Forty years after the release of Crosby, Stills and Nash's debut, David Crosby is still on the road — with Graham Nash and Stephen Stills. Given the trio's tumultuous history, could Crosby have ever imagined that?" No, absolutely not," says the 68-year-old singer on a day off before a CSN show in Virginia. "If you'd asked me then, I would have said no. But I was quite a different guy then." Having been inducted into the Rock and Roll Hall of Fame twice — first in 1991 as a member of the Byrds, then in 1997 with CSN — Crosby is a natural fit for the Hall of Fame's 25th anniversary concerts on October 29th and 30th at Madison Square Garden. Friends like James Taylor and Jackson Browne are expected to join CSN at the show to celebrate the mellow singer-songwriter strain of rock & roll from the early 1970s. On their current tour, CSN have been revisiting tunes from that era, some of which may end up on the covers album they're prepping with Rick Rubin. Their set lists have included the Grateful Dead's "Uncle John's Band," the Rolling Stones' "Ruby Tuesday" and Taylor's "You Can Close Your Eyes." "It's fun singing this stuff," Crosby says of what will be CSN's first studio album since 1994. "We'll go back home after the tour and rest a minute. I will become the couch that burped. And then we'll start."
The night the Byrds were inducted, in 1991, was the first night of the Gulf War. How did that affect the mood?
I have a vague memory that someone told me they started the bombing, and that word was whispered around the room. One thing I remember is that I was in a wheelchair [laughs].
From your motorcycle accident the year before?
Yeah. I hurt the whole right side of my body. I also remember it was very awkward seeing the other guys in the Byrds. There were not a lot of warm, fuzzy feelings. Gene [Clark] and Michael [Clarke] were fine. Roger [McGuinn] doesn't like me [laughs]. And that's unfortunate, because I would love to make more music with him. He's an amazing musician and a great singer and storyteller. But everyone handled it well, and we were proud to be there.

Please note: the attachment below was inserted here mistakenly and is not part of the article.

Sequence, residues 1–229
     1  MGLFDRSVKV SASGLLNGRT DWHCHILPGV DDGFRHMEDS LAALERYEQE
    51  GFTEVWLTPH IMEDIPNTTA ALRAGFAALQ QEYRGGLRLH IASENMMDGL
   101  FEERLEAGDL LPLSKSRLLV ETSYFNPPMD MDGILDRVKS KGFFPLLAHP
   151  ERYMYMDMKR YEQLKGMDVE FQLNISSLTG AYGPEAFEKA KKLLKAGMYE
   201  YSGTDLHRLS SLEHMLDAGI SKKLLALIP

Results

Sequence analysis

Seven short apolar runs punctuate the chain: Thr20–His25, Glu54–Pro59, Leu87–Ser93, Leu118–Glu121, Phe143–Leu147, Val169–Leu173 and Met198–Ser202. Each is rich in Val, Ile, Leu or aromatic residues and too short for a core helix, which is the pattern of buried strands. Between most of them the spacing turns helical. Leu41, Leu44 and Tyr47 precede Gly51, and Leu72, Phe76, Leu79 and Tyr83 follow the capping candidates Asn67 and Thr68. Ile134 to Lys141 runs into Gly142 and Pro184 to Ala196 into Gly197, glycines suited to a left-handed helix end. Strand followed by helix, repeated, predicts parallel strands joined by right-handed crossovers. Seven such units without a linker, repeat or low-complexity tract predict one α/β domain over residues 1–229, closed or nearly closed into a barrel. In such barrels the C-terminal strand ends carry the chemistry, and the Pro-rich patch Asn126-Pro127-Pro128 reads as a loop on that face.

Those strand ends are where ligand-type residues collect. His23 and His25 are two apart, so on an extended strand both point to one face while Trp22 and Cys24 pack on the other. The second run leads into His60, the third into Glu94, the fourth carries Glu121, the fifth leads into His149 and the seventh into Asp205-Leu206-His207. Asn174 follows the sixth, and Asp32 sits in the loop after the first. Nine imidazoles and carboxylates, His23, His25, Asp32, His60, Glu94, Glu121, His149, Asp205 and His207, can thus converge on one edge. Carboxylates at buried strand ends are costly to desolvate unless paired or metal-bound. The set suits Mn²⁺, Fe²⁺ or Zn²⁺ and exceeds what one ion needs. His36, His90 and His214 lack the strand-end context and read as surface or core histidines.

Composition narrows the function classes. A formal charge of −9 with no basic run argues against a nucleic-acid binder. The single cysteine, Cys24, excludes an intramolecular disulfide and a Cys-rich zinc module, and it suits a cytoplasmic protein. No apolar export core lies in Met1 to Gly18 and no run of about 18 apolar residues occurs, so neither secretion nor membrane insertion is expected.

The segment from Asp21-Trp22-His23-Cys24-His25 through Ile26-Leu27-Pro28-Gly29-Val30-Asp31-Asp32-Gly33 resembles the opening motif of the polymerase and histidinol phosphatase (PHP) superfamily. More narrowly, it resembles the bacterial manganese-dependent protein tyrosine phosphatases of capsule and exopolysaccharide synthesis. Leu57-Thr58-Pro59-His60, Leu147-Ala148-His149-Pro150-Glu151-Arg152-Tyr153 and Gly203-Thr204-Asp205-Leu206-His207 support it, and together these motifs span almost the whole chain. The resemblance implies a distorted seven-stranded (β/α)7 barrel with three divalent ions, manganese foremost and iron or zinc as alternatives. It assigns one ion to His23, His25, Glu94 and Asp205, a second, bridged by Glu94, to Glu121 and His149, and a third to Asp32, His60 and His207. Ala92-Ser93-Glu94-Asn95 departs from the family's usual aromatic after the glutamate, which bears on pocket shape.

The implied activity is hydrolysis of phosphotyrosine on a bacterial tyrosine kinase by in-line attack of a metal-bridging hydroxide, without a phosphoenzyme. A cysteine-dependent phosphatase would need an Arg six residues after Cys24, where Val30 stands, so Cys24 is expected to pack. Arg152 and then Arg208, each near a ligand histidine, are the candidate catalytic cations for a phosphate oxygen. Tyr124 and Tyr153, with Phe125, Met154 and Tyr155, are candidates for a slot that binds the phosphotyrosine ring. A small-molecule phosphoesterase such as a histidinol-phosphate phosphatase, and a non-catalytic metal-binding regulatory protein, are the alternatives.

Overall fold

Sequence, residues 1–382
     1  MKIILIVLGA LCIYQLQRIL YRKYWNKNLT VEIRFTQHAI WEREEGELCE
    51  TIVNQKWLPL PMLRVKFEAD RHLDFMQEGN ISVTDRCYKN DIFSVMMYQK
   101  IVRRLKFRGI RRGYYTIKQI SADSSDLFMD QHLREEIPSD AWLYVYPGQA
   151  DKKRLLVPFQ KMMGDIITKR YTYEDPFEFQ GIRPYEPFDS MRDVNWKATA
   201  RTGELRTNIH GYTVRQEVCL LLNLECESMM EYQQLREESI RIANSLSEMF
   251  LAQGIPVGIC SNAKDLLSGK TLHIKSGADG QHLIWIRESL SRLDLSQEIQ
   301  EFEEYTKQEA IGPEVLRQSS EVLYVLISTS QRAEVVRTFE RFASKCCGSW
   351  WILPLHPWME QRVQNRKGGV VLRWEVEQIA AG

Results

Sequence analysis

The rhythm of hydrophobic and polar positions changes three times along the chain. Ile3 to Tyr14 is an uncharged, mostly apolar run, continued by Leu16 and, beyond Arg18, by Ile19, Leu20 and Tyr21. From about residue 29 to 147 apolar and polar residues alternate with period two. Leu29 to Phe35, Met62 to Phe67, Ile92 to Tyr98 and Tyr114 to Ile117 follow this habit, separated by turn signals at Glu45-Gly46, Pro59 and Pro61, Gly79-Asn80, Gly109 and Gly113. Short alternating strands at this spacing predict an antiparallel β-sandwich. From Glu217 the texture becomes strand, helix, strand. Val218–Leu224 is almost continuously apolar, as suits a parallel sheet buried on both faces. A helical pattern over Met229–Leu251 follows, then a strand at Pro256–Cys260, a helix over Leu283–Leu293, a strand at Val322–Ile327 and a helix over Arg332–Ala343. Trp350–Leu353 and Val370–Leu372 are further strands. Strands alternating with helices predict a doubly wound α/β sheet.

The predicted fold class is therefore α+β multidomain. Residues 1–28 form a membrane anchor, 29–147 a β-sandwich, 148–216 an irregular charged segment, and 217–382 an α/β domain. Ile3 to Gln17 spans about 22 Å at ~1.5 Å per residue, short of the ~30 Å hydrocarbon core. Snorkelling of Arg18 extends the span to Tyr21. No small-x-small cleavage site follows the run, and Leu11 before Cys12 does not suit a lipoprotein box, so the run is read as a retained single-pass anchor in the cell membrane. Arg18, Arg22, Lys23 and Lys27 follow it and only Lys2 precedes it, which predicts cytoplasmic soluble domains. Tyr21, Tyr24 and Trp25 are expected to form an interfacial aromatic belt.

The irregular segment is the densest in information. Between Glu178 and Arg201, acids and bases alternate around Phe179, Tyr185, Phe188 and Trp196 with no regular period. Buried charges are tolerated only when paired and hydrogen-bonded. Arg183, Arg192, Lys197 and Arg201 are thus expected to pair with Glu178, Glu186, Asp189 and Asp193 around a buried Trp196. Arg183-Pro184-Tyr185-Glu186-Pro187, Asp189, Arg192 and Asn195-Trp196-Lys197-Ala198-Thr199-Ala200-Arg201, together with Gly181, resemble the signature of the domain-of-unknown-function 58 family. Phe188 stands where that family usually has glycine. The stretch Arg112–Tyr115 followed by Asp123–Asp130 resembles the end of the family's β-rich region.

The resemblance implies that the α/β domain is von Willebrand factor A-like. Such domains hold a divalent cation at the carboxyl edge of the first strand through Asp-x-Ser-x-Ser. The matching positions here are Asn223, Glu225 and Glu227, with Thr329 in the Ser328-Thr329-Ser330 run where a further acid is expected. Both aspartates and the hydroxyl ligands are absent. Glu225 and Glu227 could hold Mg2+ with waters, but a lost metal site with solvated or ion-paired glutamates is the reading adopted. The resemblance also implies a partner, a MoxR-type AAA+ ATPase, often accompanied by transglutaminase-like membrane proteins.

In 1997, Crosby, Stills and Nash were inducted, but Neil Young made headlines for not showing up to be inducted with Buffalo Springfield.
That's typical. Neil, as I'm sure you know, is extremely difficult to predict. So I don't try. I gave up on that a while ago.
CSN has been around for four decades. Have the years gone by quickly?
I try not to think about it, really. I'm glad that we've been able to keep making music, that's kind of a miracle, but I try really hard not to think about how old and creepy I am.
You were scheduled to play around 70 concerts this summer. Does the pace ever grind you down?
I love playing the music, but I get lonely being by myself in the hotel rooms, and I wish I was at home with my family. But we're lucky to have a job. There's a lot of people who don't.
How did your upcoming project with Rick Rubin come about?
Columbia called our management company and said, "Is it true that CSN are not signed?" And they said, "Yes, that is true." And they said, "Well, we're very interested in that." They had an idea for an album that they really wanted to see happen.
You've already started working on it, right?
We worked at Rick's studio in Malibu. But I don't think we've gotten anything I would keep. We make lists of songs, then we pick ones we feel we can do well, and then we spend some time learning them. Then we make an arrangement and sing 'em to Rick. And he picks the ones he likes. And then we make another list.
Sounds like the album could take a while to finish.
Uh, yes. I can tell you what's very damn hard to try: a Beatles song. You wrap yourself around one of their songs and make an arrangement and try to do it. And then you go and listen to the Beatles' record of it and go, "Ah . . . no." It's too amazingly good.
Where do you keep your Hall of Fame trophies?
Oh, probably in a box in the garage. My dad, who was a cinematographer, taught me a lesson about taking that stuff too seriously a long time ago. He had an Oscar, one of the first ones they gave out. He used it as a doorstop.
Is there anyone who isn't in the Hall of Fame who should be?
Well, there are quite a few people who think the Hollies [Nash's former band] should be in there. They had more hits than the Springfield and the Byrds put together. I think it's because they're too "pop." But then, so was Mikey Jackson.